and Camp Pendleton he was sent to Vietnam, where he was wounded. He ended his service as a corporal. Jones’ father and uncle also served in the military. He joined the Air Force when he was 19 and went to basic training in San Antonio. He then went to Lowry Air Force Base and served overseas at the Kunsan Korea Air Base. He ended his service as a sergeant. “The Clark Summit VFW is run by volunteers. Whatever needs to be done they do,” said McLane. “The canteen helps pay our bills and is our primary source of support.” The VFW gives back to the

community by sponsoring a Little League team, athletic events, fishing derbies and scholarships. The ladies auxiliary dropped “ladies” from its name and now is open to both men and women. The group holds events throughout the year including spaghetti and ham and cabbage dinners. It supports various charities.

Spillane, 1637 beaver Pond road, clarks Summit; $7,259.43. ■ David and Jennifer casal, 303 carpenter hill road, South abington twp.; $1,349.15. ■ richard M. and nancy ann conte, 1761 newton ransom blvd., clarks Summit; $1,400.37.

■ Stephen S. hrobuchak, 180a Lily Lake road, Dalton; $820.13. ■ russell Mcelroy, 313 Sunnyside ave., South abington twp.; $1,367.66. ■ oK Services Inc., 621 S. State St., clarks Summit; $3,067.17.

For information about becoming a VFW, social or auxiliary member, stop by the post, 402 Winola road, during regular business hours, noon to 1 a.m. on weekdays or call 570-586-9821.

COURT NOTES

PROPERTY TRANSACTIONS ■ Luke and Stephanie caggiano to brookfield relocation Inc.; two parcels in newton twp. for $275,000. ■ brookfield relocation Inc. to John W. and noelle Munley; two parcels in newton twp. for $275,000. ■ boston Land co. Inc., South abington twp., to Joshua alexander Jacks, South abington twp.; a property at 48 Wyndham road, South abington twp., for $270,000. ■ bruce W. and Janet P. ott, clarks Summit, to brittany Dawn Watt, clarks Summit; a property at 411 Scott road, South abington twp., for $185,000. ■ Pankaj Patel, also known as Pankajkumar P. Patel, and arvindkumar Patel, by their agent, ashwinkumar D. Patel; a property at 103 Powell Drive, South abington twp., for $497,500.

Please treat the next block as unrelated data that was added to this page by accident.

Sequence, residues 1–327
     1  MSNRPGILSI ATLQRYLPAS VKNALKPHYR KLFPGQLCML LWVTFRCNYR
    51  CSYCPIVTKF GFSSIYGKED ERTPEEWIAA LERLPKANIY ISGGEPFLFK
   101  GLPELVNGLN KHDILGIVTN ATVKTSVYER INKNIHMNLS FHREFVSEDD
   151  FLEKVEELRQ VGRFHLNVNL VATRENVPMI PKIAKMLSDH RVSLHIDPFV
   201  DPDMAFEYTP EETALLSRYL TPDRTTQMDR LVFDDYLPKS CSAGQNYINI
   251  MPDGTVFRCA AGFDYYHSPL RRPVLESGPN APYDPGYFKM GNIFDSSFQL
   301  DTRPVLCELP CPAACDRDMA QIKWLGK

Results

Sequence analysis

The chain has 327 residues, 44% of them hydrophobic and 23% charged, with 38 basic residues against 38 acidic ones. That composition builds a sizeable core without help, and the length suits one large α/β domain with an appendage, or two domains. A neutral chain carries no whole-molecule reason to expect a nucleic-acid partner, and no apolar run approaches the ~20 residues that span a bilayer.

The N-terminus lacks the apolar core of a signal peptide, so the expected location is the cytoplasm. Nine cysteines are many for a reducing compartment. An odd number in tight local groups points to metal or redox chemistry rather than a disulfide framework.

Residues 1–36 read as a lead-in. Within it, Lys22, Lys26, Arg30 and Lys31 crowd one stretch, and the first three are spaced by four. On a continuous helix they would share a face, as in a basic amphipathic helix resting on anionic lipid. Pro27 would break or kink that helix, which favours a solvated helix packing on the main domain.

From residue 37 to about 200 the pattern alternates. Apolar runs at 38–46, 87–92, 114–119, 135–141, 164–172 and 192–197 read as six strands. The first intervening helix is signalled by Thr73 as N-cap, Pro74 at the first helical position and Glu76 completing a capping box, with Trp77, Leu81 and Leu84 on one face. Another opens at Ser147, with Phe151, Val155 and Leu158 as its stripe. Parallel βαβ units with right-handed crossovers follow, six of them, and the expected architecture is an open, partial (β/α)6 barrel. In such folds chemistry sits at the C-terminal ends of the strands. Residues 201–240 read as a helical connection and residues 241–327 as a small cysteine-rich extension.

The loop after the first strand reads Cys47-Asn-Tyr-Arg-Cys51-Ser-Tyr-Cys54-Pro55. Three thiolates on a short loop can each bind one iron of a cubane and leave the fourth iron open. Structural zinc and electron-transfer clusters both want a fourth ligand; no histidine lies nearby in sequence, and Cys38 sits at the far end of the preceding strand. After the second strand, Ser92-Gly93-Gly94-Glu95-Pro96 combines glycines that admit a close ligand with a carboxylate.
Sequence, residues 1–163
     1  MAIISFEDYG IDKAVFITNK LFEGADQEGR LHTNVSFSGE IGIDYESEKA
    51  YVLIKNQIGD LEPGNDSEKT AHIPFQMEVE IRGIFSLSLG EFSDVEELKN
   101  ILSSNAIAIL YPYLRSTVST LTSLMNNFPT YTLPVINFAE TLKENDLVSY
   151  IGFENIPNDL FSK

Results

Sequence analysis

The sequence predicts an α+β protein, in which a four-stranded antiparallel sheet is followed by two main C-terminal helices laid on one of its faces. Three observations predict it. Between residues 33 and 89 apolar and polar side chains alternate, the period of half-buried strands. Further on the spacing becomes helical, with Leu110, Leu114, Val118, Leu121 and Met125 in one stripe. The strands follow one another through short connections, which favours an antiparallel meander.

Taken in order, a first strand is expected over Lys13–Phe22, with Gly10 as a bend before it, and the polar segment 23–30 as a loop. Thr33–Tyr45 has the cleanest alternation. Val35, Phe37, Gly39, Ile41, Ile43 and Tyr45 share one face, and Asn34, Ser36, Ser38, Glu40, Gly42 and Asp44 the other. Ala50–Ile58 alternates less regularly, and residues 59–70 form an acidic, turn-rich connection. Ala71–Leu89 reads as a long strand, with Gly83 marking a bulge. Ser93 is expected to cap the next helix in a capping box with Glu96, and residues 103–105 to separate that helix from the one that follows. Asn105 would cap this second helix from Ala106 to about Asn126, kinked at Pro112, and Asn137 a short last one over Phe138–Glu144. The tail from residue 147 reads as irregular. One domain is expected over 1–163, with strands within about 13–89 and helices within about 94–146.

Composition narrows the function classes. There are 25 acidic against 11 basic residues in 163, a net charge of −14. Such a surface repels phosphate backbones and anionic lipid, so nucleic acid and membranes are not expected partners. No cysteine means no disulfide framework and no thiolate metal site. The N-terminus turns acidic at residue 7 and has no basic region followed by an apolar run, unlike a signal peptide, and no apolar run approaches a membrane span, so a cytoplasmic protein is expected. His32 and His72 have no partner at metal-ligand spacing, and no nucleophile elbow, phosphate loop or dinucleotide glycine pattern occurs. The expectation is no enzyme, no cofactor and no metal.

ESTATES FILED ■ carlyn e. noll, also known as carlyn ella noll, 100 charles Drive, Dalton, letters testamentary to cindy L. noll, same address. STATE TAX LIENS ■ David and Leslie boslough, 220 third St., P.o. box 509, Dalton; $1,769.03. ■ Donald J. and Donna S. hopkins, 818 Scott road, South abington twp.; $958.28. ■ charles a. McDonald, 111 Parkland Drive, clarks Summit; $1,934.08. ■ Patrick e. and heather o.

the abington Suburban welcomes all photos and submissions. there is no charge for publication, but all photos and submissions run on a “space available” basis. the editor reserves the right to reject any or all submissions. Deadline for submissions is by noon the Friday before publication date. the abington Suburban does not accept letters to the editor. STAFF REPORT Gates open at 6 p.m. and close Friday: Orange opinions of independent Saturday: Mace in Dickson. at 11 p.m. each night. columnists do not DALTON — The 96th The firemen’s parade will The entertainment schednecessarily reflect those of annual Dalton Fire Company ule is as follows: step off at 7 p.m. Friday, and the abington Suburban staff. Carnival will take place July Tuesday: Paul Laquintano a grand prize drawing will 10-14 at the Dalton Carnival Wednesday: Flaxy Morgan take place on Saturday. Grounds on Bank Street. Thursday: Old Friends

Dalton Fire Co. Carnival coming up July 10-14

WHO DOES IT? A Directory of Services

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Around the towns

THURSDAY, JULY 5, 2018

THE ABINGTON SURBURBAN 3

Community collaborates to plant garden There’s a new garden in town. Workers from the Keystone Colle ge Environmental Education Institute (KCEEI) and members of Verve Vertu Art Studio and The Gathering Place assembled at the pocket park on Depot Street in Clarks Summit to prepare a vegetable garden. The garden is a cooperative venture led by Nancy Petlaver, from KCEEI, who organized the delivery of the materials and supervised the installation. Shaun Lambert, Michael Hungarter, Selena Waters and Gwen Harleman from Verve Vertu, Joe Elias from KCEEI, Joe Waters, Sue Wittman and Emily Rancier from The Gathering Place created the wooden frame for the garden, grabbed the shovels and wheelbarrow, and filled the frame with dirt. They planted tomatoes,

sage, basil, thyme, lettuce, peppers, broccoli, chard, radishes and celery. Clarks Summit Police Officer Kevin Yetkowskas stopped and planted a few plants with the gardeners. The garden will be named the Patty Lawler Vegetable Garden to honor the former mayor of Clarks Summit and current mayor of Clarks Green. Craft and Chat, a group that meets at The Gathering Place, and members of Verve Vertu, a group that has plans to locate a satellite studio at The Gathering Place, will maintain the garden, which was made possible by a grant from the Scranton Area Foundation. The community is invited to stop in at the Pocket Park and watch the garden’s progress. For more information, Officer Kevin Yetkowskas stops by to help with the contact gatheringplacecs@ planting, along with gardeners Michael Hungarter, left, and Shaun Lambert. gmail.com.